[2][1] The trail was mostly built by crews of people that were hired from local towns or by the

The Superior Hiking Trail Association (SHTA) builds, promotes and maintains the trail. It is a Minnesota-based non-profit corporation with more than 3200 members. The association produces a quarterly newsletter called The Ridgeline for its members which contains noteworthy news of the trail, trail volunteer bios, and association financial information. The most visible activities of the SHTA are the popular organized hikes featuring leaders with interpretive skills, such as naturalists, geologists, photographers, and historians and ranging from day hikes to backpacking trips of several days' duration.

Temperance River State Park Bridge
Looking east from Lookout Mountain in Cascade River State Park

The Superior Hiking Trail Association

On the northern end the Superior Hiking Trail is connected to the 65-mile (105 km) long Border Route Trail which starts a short distance from the trail head on Otter Lake Road.[7] This then connects to the 41-mile (66 km) long Kekekabic Trail which gives the hiker the ability to hike all the way through the Boundary Waters Canoe Area Wilderness and end near Ely. There are also plans to extend the southern terminus of the Superior Hiking Trail to connect it with the North Country National Scenic Trail.[8][3]

The North Shore section of the trail is 255 continuous miles (410 km) and begins at the Martin Road Trailhead on the northern boundary of the City of Duluth. From there, the trail extends to the northeast along Lake Superior through seven state parks, including Gooseberry Falls State Park, Split Rock Lighthouse State Park and Tettegouche State Park. This section of the SHT passes near the towns of Lutsen and Grand Marais, and ends just before the Canada – United States border. The North Shore section provides backcountry experiences and is utilized by both day hikers and backpackers. A thru-hike of the Superior Hiking Trail typically spans this 255-mile section. The total elevation gain along the North Shore section is 37,800 feet (11,500 m) and the elevation loss is 37,400 feet (11,400 m) for a northbound hiker.[1][2]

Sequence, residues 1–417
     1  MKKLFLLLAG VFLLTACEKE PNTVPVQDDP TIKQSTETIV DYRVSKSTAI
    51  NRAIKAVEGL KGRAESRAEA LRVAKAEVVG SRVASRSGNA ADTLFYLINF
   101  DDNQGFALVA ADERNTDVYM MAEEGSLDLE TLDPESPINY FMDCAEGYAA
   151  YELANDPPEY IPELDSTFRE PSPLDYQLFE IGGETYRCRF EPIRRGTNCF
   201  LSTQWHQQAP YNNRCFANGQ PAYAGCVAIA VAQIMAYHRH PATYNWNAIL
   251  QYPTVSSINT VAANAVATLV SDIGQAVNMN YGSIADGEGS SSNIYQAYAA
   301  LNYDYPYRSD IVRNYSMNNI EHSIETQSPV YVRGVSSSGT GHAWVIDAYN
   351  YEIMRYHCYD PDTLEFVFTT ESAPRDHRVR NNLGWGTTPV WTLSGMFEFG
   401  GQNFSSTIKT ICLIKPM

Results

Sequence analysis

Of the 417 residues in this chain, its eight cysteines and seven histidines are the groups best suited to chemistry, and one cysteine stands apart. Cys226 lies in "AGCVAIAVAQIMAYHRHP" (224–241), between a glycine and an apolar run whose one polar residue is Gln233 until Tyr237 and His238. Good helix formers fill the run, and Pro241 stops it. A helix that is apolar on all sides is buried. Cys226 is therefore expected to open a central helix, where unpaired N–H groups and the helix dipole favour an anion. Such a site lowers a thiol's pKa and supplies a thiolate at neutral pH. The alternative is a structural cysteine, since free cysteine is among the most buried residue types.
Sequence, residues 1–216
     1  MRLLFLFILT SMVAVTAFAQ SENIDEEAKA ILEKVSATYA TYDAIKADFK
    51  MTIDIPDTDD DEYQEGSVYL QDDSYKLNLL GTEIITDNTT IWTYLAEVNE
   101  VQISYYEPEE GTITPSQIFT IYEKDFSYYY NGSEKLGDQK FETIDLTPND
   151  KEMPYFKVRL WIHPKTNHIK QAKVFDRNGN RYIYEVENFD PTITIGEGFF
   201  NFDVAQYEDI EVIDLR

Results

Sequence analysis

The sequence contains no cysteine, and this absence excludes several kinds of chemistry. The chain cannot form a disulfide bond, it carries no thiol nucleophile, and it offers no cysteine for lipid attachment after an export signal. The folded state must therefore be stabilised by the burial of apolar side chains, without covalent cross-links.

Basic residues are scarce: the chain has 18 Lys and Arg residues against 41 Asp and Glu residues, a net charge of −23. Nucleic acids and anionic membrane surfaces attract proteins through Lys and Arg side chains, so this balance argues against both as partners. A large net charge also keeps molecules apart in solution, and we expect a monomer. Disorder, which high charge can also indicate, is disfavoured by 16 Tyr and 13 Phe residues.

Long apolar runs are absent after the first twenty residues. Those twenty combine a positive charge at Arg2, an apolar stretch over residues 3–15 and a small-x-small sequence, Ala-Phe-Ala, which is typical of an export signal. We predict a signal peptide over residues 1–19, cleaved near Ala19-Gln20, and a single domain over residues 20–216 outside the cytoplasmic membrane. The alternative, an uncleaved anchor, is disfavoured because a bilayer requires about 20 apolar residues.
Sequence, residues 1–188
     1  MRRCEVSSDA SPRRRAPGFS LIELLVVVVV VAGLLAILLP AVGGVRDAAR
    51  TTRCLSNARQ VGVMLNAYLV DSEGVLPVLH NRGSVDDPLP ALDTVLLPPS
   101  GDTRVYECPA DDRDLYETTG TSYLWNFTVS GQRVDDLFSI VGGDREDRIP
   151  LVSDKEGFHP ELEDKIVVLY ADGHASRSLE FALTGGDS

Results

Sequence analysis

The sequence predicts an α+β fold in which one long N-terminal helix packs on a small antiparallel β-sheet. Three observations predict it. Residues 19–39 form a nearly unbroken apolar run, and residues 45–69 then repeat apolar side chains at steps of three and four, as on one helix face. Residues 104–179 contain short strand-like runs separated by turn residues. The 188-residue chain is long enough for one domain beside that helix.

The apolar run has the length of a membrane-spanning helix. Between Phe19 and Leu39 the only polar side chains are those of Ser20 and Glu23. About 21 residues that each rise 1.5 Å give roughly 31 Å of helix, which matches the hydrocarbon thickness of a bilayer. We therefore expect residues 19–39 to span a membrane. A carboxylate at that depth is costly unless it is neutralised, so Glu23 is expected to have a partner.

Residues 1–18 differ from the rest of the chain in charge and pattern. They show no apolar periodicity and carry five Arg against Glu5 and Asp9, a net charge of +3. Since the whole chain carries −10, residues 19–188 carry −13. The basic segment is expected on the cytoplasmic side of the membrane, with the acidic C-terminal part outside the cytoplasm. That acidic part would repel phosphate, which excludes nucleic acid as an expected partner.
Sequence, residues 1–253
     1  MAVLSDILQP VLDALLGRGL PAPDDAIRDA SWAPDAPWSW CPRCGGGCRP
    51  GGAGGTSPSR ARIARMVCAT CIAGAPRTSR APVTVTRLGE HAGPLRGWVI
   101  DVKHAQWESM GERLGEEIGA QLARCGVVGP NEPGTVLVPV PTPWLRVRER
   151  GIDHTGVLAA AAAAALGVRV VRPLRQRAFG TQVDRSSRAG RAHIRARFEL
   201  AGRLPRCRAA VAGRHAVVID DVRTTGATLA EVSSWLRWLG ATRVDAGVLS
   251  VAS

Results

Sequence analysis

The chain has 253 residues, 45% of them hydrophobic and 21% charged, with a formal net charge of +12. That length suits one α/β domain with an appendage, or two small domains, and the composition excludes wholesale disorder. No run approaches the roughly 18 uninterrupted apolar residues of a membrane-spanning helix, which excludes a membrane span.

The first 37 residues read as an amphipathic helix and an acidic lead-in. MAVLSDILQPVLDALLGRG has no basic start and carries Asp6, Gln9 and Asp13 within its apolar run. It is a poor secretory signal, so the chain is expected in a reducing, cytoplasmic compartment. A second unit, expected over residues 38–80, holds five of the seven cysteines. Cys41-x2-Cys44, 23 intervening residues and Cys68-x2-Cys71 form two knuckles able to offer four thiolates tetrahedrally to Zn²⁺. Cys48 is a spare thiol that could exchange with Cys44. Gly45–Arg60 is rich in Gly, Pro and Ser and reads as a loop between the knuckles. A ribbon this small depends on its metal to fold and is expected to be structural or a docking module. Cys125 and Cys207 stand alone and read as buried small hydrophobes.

The Duluth section of the trail comprises 41 miles (66 km) and starts southwest of the city of Duluth at a trailhead in Jay Cooke State Park. The trail extends to the northeast through the Spirit Mountain Recreation Area, Brewer Park, Enger Park, the Historic Downtown Area, Canal Park, the Lakewalk, and Hartley Nature Center,[6] before it ends at a trailhead located on Martin Road on the north side of the city. The Duluth section provides opportunities for day hiking.[1]

There are two primary sections to the Superior Hiking Trail.

Crow Creek in winter from the SHT

Sections of the trail

[3] Trail construction and improvements continued, and in 2013 the Superior Hiking Trail became a continuous footpath from Jay Cooke State Park to the 270 Degree Overlook near the Canadian Border.[5]